Publications by authors named "Carmel M McVicar"

8 Publications

  • Page 1 of 1

Role of the receptor for advanced glycation endproducts (RAGE) in retinal vasodegenerative pathology during diabetes in mice.

Diabetologia 2015 May 17;58(5):1129-37. Epub 2015 Feb 17.

Centre for Experimental Medicine, Queen's University Belfast, Belfast, BT12 6BA, Northern Ireland, UK.

Aims/hypothesis: The receptor for AGEs (RAGE) is linked to proinflammatory pathology in a range of tissues. The objective of this study was to assess the potential modulatory role of RAGE in diabetic retinopathy.

Methods: Diabetes was induced in wild-type (WT) and Rage (-/-) mice (also known as Ager (-/-) mice) using streptozotocin while non-diabetic control mice received saline. For all groups, blood glucose, HbA1c and retinal levels of methylglyoxal (MG) were evaluated up to 24 weeks post diabetes induction. After mice were killed, retinal glia and microglial activation, vasopermeability, leucostasis and degenerative microvasculature changes were determined.

Results: Retinal expression of RAGE in WT diabetic mice was increased after 12 weeks (p < 0.01) but not after 24 weeks. Rage (-/-) mice showed comparable diabetes but accumulated less MG and this corresponded to enhanced activity of the MG-detoxifying enzyme glyoxalase I in their retina when compared with WT mice. Diabetic Rage (-/-) mice showed significantly less vasopermeability, leucostasis and microglial activation (p < 0.05-0.001). Rage (-/-) mice were also protected against diabetes-related retinal acellular capillary formation (p < 0.001) but not against pericyte loss.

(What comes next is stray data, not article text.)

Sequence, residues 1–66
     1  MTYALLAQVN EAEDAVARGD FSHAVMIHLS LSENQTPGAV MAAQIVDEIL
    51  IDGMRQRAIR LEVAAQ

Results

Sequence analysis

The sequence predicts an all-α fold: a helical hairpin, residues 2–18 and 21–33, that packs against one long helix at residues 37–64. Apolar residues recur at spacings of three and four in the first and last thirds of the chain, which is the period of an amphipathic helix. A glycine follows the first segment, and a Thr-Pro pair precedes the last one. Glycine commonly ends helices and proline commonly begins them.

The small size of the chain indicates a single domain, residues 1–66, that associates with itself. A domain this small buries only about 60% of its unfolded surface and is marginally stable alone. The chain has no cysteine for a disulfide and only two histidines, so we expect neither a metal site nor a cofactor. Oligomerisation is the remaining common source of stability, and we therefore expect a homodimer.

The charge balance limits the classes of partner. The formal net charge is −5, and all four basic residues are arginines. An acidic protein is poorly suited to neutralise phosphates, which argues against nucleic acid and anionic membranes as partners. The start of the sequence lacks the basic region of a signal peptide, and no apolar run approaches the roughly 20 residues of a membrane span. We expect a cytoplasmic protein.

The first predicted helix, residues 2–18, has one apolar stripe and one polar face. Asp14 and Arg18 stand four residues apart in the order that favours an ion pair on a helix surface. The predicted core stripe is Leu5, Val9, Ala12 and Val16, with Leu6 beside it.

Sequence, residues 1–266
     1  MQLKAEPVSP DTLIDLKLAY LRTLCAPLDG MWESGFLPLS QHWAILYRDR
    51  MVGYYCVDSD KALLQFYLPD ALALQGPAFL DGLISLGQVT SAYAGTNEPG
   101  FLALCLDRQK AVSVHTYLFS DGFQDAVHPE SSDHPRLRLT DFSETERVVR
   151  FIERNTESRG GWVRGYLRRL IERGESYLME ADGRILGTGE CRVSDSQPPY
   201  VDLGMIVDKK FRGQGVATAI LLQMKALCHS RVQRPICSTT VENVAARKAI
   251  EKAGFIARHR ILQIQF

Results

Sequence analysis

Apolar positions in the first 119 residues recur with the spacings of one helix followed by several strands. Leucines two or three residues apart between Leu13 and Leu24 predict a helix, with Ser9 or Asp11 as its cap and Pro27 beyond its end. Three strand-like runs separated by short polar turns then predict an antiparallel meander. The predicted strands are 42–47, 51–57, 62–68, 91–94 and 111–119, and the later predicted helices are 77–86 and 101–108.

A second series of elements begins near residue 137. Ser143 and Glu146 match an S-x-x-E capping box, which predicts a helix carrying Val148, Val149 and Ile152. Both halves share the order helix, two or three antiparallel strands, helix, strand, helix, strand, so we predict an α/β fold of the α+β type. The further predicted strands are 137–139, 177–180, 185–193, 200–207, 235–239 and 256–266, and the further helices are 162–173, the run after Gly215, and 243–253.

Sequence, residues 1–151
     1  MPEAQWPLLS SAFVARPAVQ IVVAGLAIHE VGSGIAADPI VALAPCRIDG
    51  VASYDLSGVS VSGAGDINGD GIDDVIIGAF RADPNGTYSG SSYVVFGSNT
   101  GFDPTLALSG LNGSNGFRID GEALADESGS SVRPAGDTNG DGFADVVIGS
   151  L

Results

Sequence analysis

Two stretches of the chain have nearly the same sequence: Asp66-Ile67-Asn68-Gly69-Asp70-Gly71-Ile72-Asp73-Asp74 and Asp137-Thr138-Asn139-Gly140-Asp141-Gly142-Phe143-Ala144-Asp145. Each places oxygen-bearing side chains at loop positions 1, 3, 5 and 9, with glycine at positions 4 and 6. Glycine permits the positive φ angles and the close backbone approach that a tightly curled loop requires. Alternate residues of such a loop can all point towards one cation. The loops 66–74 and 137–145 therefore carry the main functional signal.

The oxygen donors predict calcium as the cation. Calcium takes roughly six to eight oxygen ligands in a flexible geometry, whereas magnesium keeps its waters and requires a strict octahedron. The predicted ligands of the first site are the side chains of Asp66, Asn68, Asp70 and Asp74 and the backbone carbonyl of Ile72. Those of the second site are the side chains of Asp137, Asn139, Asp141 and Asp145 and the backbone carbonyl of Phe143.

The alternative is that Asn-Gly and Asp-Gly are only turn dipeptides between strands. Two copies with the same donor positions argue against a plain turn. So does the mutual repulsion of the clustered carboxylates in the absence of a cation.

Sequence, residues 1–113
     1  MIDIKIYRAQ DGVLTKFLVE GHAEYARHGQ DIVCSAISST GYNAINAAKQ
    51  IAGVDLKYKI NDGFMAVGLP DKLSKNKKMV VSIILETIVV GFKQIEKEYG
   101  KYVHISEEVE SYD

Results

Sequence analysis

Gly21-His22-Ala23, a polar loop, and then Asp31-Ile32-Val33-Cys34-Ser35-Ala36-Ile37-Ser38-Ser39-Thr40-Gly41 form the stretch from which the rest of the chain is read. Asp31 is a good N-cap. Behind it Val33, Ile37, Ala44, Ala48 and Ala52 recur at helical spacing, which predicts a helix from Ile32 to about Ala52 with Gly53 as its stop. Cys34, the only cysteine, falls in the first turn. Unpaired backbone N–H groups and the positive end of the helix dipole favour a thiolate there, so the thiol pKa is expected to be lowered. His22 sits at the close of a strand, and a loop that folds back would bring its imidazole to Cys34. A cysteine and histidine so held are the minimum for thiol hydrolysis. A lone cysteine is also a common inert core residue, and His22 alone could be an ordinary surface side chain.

Conclusions/interpretation: Rage (-/-) in diabetic mice is protective against many retinopathic lesions, especially those related to innate immune responses. Inhibition of RAGE could be a therapeutic option to prevent diabetic retinopathy.
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May 2015

The gastrointestinal peptide obestatin induces vascular relaxation via specific activation of endothelium-dependent NO signalling.

Br J Pharmacol 2012 May;166(1):327-38

School of Biological Sciences, Queen's University Belfast, Belfast, UK.

Background And Purpose: Obestatin is a recently discovered gastrointestinal peptide with established metabolic actions, which is linked to diabetes and may exert cardiovascular benefits. Here we aimed to investigate the specific effects of obestatin on vascular relaxation.